Peter Swanson has created another lively homage to classic mystery puzzles in his new novel, Nine Lives. Much like his earlier book, Rules for Perfect Murders, several of the characters recognise the new story’s parallels to Golden Age murder mysteries and this time the resemblance is to Agatha Christie’s And Then There Were None and The ABC Murders. However, Swanson gives them his own diabolical modern twists.
Nine people, strangers to each other, receive a letter containing a single sheet of paper with nine names on it in alphabetical order. The names aren’t familiar, the envelope lacks any identification. What is this? Why? And, as people would, the recipients react in predictable, but different ways. A couple ignore the letter completely, several rack their brains trying to figure out what it is and why their names are there. Ultimately, they chalk it up to some species of computer mistake. Only one views it with much suspicion. She’s a female FBI agent, and it’s her job to be suspicious.
A day or two later, when a man whose name is on the list is found dead, the keen ears of the agent’s FBI supervisor perk up. The deceased, Frank Hopkins, was a man in his 70s and owned the Windward Resort in Kennewick, Maine. If he drank a little too much and got a little hazy at times, what killed him was having his head pushed into a tidal pool where he drowned, a strange letter crumpled in his hand.
When the second victim is found shot to death, the possibility of a coincidence is too remote to contemplate. The FBI agent calls it ‘the second plane.’ On 9/11, when the first airplane hit the World Trade Centre, the shocked witnesses all thought it was a tragic accident; when the second plane hit, everyone’s assessment of the situation changed, immediately and completely.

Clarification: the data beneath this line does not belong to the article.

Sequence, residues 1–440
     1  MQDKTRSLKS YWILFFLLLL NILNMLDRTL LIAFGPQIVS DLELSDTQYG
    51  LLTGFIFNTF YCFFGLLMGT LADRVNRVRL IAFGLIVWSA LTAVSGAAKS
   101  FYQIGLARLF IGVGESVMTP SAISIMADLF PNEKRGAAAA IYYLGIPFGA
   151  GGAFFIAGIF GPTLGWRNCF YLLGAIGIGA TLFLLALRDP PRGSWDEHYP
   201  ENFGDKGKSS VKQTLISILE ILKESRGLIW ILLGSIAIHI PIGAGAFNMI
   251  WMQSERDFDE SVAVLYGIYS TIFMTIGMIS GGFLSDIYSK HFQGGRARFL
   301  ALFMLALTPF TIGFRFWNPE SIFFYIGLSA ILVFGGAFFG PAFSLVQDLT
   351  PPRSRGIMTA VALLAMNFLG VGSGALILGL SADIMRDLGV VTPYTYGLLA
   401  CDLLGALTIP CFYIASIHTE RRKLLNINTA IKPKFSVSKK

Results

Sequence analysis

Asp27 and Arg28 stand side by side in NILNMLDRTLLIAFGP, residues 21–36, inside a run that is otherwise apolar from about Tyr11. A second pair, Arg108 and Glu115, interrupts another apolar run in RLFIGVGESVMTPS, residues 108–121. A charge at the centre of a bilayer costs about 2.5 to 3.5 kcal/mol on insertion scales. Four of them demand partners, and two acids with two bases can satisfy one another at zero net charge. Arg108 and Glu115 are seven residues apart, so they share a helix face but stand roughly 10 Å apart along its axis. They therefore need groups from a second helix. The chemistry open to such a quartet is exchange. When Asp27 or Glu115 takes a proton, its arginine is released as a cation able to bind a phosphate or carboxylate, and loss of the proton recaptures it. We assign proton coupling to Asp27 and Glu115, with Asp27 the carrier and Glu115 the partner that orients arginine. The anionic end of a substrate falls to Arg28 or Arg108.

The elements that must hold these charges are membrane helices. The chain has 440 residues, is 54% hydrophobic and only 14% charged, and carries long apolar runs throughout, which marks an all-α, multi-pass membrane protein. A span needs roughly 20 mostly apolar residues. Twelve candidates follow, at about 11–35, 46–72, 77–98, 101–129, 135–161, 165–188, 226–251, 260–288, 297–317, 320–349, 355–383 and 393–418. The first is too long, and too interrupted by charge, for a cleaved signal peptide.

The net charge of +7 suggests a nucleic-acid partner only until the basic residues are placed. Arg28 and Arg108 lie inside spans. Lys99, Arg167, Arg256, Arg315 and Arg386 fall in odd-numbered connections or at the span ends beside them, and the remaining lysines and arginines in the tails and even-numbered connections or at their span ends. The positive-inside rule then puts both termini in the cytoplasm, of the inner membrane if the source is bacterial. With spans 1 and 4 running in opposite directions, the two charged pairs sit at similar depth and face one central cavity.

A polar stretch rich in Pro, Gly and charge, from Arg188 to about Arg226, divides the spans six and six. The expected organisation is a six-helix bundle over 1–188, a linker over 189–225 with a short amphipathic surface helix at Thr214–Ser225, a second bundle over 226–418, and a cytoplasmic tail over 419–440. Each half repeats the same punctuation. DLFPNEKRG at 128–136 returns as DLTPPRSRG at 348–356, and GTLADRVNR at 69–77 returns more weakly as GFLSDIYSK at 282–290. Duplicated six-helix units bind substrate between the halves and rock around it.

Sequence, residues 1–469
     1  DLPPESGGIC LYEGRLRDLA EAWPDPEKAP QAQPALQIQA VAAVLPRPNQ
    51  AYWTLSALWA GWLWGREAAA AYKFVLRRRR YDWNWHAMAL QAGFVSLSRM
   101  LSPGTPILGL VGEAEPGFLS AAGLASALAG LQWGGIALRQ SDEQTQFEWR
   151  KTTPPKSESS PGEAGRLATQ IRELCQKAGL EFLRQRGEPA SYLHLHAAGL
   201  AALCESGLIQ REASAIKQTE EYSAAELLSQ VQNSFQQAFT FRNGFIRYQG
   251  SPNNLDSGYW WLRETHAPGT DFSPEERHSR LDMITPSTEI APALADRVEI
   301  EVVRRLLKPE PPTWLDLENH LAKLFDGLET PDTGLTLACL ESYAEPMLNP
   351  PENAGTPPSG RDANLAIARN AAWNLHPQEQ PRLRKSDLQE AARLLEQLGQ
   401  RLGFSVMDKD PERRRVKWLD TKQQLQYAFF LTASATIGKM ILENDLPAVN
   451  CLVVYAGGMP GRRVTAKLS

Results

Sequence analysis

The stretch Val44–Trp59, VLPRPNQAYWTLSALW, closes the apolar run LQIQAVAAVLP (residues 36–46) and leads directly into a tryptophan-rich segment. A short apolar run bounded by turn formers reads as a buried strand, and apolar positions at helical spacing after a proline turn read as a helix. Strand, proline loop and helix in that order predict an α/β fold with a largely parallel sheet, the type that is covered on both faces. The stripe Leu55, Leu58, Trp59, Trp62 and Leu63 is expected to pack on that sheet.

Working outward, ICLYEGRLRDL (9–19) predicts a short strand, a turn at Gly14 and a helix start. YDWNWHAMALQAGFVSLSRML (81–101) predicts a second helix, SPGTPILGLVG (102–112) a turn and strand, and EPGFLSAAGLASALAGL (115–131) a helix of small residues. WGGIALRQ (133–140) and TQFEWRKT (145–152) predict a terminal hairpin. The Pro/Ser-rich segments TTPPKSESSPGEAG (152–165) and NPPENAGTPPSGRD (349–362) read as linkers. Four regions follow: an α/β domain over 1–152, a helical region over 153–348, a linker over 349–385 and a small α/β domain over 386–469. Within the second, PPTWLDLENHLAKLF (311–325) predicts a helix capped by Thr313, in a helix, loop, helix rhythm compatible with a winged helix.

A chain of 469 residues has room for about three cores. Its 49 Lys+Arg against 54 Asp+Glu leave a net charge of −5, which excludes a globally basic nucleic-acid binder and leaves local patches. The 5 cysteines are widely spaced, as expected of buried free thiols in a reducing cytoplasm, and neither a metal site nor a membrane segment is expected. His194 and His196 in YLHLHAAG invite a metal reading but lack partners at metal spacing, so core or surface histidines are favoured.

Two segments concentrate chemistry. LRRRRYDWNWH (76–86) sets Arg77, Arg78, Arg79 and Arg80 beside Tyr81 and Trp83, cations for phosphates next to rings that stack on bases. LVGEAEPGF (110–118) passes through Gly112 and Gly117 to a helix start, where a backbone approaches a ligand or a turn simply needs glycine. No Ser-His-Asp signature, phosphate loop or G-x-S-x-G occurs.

The FBI begins a massive effort to track down the other people on the list, all but two of whom they do identify. They make sure they were recipients of the same letter, question them about the names and any connections between them, and offer police protection, which all but one of them accept. This makes no difference at all, as the next victim dies in his bed with a police officer sitting in his car in the driveway. Now you’re firmly in And Then There Were None territory.
As you read the pages devoted to the stories of each of the remaining people on the ‘death list,’ as they start calling it, these characters become quite well differentiated, all interesting in their own unique ways. Hopkins and one other man are over 70, but all the rest are in their early 30s or thereabouts. They’re wildly diverse in where they live (Massachusetts, Austin, Texas, Los Angeles, New York City) and what they do (aspiring actor, singer-songwriter, college professor, kept woman – does anyone still say that? – retiree, oncology nurse). Surprisingly, for the most part, they’re not deeply frightened, even as the body count rises. In one case, two people on the list begin messaging each other, then talking via Skype, and in a few short weeks, become a couple. (Humans!)
Meanwhile, you can’t help but troll the text for clues of buried commonalities that exist among or between the letter-holders. Several of them are estranged from their parents, three are in the arts, loosely speaking. Two have cats (nine lives?). That kind of thing. Despite the lack of connections, the FBI remains convinced the list was not simply random. Something ties these people together.
You’ll likely enjoy trying to work out the puzzle Swanson lays before you. I did. Of course, one little fact has been withheld that would clinch your theory, but Swanson does provide enough information to get there without it. This book strikes me as an ideal vacation read, as it moves swiftly while retaining a light touch, despite the mayhem.
Faber & Faber
CFL Rating: 4 Stars